Girl Advisory Board Member Helps Bridge the Gender Gap and Fundraises Using 3D Printer Cookie Cutters

Contributed by Lilia B.

To honor Computer Science Education Week and the holidays I would like to share with you a little about what I’m thankful for. One year ago, the National Girls Collaborative Project formed a Girls Advisory Board, also known as the YoGA (Young Girls Advisory) Board, and I was lucky enough to have been chosen to become a member. We have Lilia B.monthly video meetings run by co-chairs Lauren Scofield, Olivia Pavco-Giaccia, and Pooja Chandrashekar who also act as our mentors. The co-chairs provide structure, inspiration, and feedback that not only keeps our meetings productive but also drives our initiatives and goals on an ongoing basis. The Advisory Board is made up of a dynamic group of high school STEM enthusiasts from across the country. We are committed to helping bridge the gender gap through working together to build a larger community of young female STEM enthusiasts.

The misperception that men are more suited for STEM still holds its grip on society and continues to contribute to the gender bias. Studies have shown that the main factor still inhibiting the advancement of women is our feelings of inadequacy and lack of confidence. I was never told that I’m not good at math or science, yet I still realized something was amiss when I took computer programming classes outside of school and found I was the only girl (no one in my class knew where the key was to the girl’s bathroom… I was the first to ask). I’m lucky to have grown up in a supportive environment with the YoGA Board serving as both a peer and mentor group. Nothing has reinforced my passion for STEM more than knowing I have a strong group of girls and mentors who share my interests, support my efforts, and build my confidence. 

Tech CookiesTo help bridge the gender gap in computer science I created CodewithLilia.org where I teach girls the coding basics to help spark their interest. My website functions as a teaching workshop that I present to afterschool girls programs and make peer-to-peer connections. I combine fun coding exercises with female related tech facts that helps generate interest in computer science and builds confidence in girls. My goal is not so much to teach girls to code but to teach girls they CAN code. I’m trying to be a “relatable role model.” I’m doing what other young girls CAN do and I’m hoping they can relate to me and that gives them the confidence to try. I’m promoting the message “If girls can do in middle school and high school that which society has said only boys can or should do, then as women we will be able to do all the things that men have prevented us from doing for the rest of our lives.”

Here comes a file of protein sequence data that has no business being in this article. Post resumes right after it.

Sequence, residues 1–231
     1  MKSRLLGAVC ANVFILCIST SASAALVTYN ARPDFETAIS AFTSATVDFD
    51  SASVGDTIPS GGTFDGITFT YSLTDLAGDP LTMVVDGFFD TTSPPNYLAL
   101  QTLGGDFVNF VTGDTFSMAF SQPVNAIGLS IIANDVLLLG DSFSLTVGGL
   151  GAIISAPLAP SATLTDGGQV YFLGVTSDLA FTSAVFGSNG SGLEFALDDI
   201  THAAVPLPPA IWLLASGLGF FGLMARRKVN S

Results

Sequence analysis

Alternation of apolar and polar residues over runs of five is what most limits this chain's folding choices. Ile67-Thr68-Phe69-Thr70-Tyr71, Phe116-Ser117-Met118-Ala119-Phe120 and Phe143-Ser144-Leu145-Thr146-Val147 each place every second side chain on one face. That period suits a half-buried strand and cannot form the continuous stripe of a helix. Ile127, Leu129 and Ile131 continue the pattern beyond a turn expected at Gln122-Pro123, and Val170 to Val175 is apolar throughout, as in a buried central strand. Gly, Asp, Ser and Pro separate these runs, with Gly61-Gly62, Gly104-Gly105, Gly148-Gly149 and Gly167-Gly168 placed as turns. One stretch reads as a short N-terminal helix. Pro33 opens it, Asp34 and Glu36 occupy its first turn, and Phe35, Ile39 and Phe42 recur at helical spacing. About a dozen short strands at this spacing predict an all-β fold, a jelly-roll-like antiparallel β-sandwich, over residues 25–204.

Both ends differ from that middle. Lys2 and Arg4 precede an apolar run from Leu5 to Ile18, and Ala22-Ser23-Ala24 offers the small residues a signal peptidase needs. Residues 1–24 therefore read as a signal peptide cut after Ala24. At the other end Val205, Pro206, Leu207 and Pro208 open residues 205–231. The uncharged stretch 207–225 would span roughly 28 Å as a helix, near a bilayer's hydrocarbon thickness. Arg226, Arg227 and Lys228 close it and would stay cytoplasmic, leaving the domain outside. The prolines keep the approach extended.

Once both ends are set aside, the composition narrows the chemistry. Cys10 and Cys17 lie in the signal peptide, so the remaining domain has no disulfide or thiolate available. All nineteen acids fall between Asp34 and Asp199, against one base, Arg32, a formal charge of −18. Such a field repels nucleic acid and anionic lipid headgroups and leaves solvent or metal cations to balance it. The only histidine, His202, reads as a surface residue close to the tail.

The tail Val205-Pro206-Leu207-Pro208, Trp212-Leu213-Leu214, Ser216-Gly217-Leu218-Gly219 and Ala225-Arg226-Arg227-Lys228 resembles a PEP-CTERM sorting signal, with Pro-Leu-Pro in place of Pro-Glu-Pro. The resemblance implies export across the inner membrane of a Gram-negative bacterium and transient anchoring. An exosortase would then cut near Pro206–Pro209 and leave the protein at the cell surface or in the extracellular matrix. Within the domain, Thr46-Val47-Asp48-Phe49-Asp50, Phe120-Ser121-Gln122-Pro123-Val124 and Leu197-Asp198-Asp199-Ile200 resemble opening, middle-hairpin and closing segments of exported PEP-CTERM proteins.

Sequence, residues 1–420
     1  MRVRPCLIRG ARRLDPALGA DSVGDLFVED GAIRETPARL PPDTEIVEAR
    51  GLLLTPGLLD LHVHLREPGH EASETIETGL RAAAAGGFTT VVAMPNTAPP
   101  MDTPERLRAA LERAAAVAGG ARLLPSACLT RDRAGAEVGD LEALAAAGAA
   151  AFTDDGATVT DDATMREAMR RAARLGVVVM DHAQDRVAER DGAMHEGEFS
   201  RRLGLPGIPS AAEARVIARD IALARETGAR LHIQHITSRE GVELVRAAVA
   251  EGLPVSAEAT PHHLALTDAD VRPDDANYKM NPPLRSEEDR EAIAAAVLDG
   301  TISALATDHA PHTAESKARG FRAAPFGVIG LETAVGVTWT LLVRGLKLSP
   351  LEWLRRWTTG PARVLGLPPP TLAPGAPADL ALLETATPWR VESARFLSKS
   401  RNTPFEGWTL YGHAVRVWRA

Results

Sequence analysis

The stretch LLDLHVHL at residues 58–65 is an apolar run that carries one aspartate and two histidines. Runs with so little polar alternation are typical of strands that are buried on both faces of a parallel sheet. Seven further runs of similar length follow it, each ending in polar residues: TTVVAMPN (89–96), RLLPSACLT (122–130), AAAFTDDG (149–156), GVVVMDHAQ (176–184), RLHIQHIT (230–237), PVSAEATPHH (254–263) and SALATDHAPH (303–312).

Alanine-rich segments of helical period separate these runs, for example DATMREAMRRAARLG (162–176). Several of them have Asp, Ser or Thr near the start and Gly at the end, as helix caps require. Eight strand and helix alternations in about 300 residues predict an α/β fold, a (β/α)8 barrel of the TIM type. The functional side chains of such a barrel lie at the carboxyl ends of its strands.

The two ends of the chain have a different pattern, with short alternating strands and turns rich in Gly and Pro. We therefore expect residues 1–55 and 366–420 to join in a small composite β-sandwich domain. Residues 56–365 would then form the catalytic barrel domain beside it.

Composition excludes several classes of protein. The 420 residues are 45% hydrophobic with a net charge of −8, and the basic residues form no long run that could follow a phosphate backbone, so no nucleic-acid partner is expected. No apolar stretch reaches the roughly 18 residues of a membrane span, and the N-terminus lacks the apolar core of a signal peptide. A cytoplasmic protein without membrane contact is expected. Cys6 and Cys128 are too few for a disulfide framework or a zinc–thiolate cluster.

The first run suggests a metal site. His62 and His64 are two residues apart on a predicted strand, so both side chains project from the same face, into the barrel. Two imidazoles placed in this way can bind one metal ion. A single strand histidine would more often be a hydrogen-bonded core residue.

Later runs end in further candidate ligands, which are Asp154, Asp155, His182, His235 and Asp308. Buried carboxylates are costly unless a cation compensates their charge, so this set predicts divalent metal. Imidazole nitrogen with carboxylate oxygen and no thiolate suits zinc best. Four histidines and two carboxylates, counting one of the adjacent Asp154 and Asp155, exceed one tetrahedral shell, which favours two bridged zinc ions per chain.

3D PrinterOne of our recent YoGA Board projects, campaigning for the GlamourGals Foundation’s holiday fundraiser #Dough4Good, lead me to combine my personal and social interests. #Dough4Good seeks to end elder isolation, which is especially difficult during the holidays, through hosting cookie exchanges. The YoGA Board members decided to bake cookies that were also related to our passion for STEM. When I couldn’t find any STEM related cookie cutters, I decided to make my own using TinkerCad and 3D printing. I had so much fun with the project, and think other girls will as well, that I’m now taking it a step further by creating a 3D printer cookie cutter workshop for CodewithLilia.org. Who doesn’t want to create custom cookie cutters and bake cookies?!?!

This Computer Science Education Week (Dec 3-9) I’m giving thanks for The National Girls Collaborative Project and the YoGA Board for giving me a community with which to share my interests and passions. In return, I have developed the confidence to share my tech knowledge and enthusiasm with other girls which further expands our female STEM community. In supporting each other, we will continue to dissolve the deep-rooted gender bias that holds women back from the largest economic growth sector in the world.

Code with Lilia LogoLilia B. is a 17 year old junior in Bryn Mawr, PA. She is on the Girls Advisory Board for the National Girls Collaborative Project and is the founder of CodewithLilia.org where she is on a mission to expand computer science to young girls.